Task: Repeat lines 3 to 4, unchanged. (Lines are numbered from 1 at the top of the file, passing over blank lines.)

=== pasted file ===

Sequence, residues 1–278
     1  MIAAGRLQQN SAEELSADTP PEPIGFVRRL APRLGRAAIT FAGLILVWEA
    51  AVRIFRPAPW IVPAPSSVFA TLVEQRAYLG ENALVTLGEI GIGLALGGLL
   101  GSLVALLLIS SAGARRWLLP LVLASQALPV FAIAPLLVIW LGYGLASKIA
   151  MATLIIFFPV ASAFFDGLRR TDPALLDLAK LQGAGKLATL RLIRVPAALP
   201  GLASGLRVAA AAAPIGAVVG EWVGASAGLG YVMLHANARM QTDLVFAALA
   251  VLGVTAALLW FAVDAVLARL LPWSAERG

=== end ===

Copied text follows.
    51  AVRIFRPAPW IVPAPSSVFA TLVEQRAYLG ENALVTLGEI GIGLALGGLL
   101  GSLVALLLIS SAGARRWLLP LVLASQALPV FAIAPLLVIW LGYGLASKIA